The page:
Friday, April 24, 2020

Batman: Gotham Knights #1 Review

Simple but Effective

Written by: Brad Meltzer, Sal Giunta, and Larry Hama
Art by: Jim Lee, Mirko Colak, Scott Williams, Alex Sinclair, and John Kalisz
Cover Price: $0.99
Release Date: April 22, 2020

It has been a little while since I last posted my last review due to the ongoing situation with the Coronavirus, but I’m happy to be back for this small issue and I hope all of our readers are doing their best to remain healthy during this trying time. We are back with a digital-first issue as DC has released a small duo of stories that honor our men and women in uniform. I will be breaking the review into two parts and will rate them separately before putting the scores together for the final score. Let’s jump into this issue and see where they take us.

Medal of Honor
Written By: Sal Giunta, Brad Meltzer
Art By: Jim Lee, Scott Williams, Alex Sinclair
Letters By: Chris Eliopoulos

This short story has a small surprise to readers once they get to the end but we will save that until we reach it together. Our story begins with Batman upon the rooftops of Gotham. His view of the city is interrupted as he hears the call of “Shots fired!” and immediately races to the scene. There he finds the GCPD engaged in a firefight with the Joker Gang. Two officers are knocked down in the hail of bullets and a third gets hit before Batman is able to intervene and charge headfirst into danger in order to get the officer to safety. Batman is hit once in his armor and another bullet shatters his weapon. 

The officer informs him that there are two more that are wounded ahead and Batman charges into action with a member of the GCPD backing him up. The two use the grenades that they have in order to provide cover and move up. They do this again and again before reaching the first wounded. The GCPD members grab him and tells Batman to keep going. When he finds the next person, he sees that it is none other than his friend Jim Gordon who has been taken hostage by two members of the Joker Gang. Without hesitation, Batman jumps into action and is able to neutralize the threat. He immediately runs to Gordon and finds that he is unresponsive. He tends to Gordon’s wounds. It is at the end of this story that we realize that this isn’t Batman’s story but rather the story of Sal Giunta, who received the Medal of Honor for his bravery and valor in Afghanistan. Almost all of the dialogue in this story comes from Barack Obama’s speech when he presented the Medal to Giunta in 2010. It honestly feels strange to actually review a story like this. We can look at the art (which is great) and try to read into the small bits of dialogue that weren’t part of the speech but ultimately, this is a story that should be honored and celebrated.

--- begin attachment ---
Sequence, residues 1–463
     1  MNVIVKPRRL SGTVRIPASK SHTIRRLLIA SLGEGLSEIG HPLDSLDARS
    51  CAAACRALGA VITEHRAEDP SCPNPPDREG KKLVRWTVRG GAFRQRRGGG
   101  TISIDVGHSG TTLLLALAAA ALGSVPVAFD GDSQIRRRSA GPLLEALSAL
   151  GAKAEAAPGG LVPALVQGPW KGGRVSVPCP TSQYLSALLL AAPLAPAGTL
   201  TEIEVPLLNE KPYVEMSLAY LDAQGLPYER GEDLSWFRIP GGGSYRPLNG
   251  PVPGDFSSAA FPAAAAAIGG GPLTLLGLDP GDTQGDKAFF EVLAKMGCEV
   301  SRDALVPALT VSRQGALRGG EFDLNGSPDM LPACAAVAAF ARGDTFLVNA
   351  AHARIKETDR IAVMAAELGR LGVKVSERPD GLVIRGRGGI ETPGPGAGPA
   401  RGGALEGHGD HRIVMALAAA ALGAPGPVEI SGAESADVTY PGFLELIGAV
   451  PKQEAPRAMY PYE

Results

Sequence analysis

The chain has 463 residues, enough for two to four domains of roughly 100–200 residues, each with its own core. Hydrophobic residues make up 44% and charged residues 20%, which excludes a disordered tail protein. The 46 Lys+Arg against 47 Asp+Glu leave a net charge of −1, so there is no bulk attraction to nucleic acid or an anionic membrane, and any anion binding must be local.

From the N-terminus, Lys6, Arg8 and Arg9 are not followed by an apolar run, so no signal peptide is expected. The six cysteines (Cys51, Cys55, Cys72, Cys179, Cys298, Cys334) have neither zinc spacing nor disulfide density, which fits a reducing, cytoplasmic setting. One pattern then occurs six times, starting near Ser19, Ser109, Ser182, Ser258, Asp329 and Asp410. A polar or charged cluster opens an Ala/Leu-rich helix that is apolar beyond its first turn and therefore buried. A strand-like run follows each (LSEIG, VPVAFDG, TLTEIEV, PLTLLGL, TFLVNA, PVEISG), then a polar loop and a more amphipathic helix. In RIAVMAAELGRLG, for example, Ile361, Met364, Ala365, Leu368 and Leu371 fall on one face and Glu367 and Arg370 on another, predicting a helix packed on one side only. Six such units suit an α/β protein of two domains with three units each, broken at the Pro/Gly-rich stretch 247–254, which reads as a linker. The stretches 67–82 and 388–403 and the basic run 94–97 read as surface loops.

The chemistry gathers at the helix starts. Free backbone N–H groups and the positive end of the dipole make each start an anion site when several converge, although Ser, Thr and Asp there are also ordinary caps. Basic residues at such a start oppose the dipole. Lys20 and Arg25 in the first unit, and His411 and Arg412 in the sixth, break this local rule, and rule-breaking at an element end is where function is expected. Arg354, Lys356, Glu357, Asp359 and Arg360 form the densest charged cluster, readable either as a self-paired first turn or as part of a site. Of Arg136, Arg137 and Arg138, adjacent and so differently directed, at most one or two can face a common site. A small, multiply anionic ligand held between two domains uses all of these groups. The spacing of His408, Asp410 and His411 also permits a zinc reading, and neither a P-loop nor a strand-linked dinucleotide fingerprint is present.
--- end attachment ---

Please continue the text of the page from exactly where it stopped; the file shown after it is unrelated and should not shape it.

Honor Code
Written By: Larry Hama
Art By: Mirko Colak, John Kalisz,
Letters By: Travis Lanham

Our next story is one that features one of my favorite DC characters in Batwoman. While there are several choices from DC’s lineup of characters that could be used to tell this story, I’m personally happy to see Batwoman be featured considering her military background is such an influential part of her entire story. In one way or another, almost every decision Kate Kane makes is in some way influenced by this background so it’s nice to see her featured here. Our story begins with Kate being woken up in the middle of the night and given orders to move out on a secret mission. We catch up with her 48 hours later in the field with a new company that is tracking an insurgent by the name of Akbar. Kate talks to some local village women to see if there is any information she can get out of them. The soldiers she is with discussing her ability as she does so and while they seem to be apprehensive about her being a cadet in this situation but they seem impressed with her physical ability. Kate returns and reveals that one of the women let the high pastures location slip and they would do well to investigate. The team moves out and when we next see them, they are gathered around a campfire with some local shepherds. It doesn’t take long for Kate to find Akbar hiding among them and informs her C.O. about it but before they can isolate him, Akbar draws his weapon and a firefight begins. 

The shepherds turn out to be the insurgents and they are quickly taken down by the soldiers. However, a couple gets injured during the fight, and Akbar flees to a local cave. The C.O. commands Kane to follow as he tends to his men. Inside the cave, Kane eventually finds Akbar who opens fire upon her. Doing so though awakens the bats within the cave and they provide enough distraction for Kane to close the distance and knock Akbar out. She drags him back to her C.O. as they prepare for extraction. This was another nice short story that was enjoyable. While some things are a bit odd to believe (why would a C.O. send a simple cadet to follow the terrorist by herself?) the overall story is solid and simple. The story is nice to read and the art fits the story very well. We even see flashes of the hero that Kane will eventually become.


Bits and Pieces:

This digital-first issue shines a light on our special forces and does so in an incredible way. The first story, in particular, is very impactful especially with the reveal at the end and the short paragraph we got that told us the real story behind it all. We then got a nice story about Kate Kane and her past in the military which told a more traditional DC story and while it wasn’t perfect, it was simple and very enjoyable. I think I would feel confident recommending this issue to anyone.


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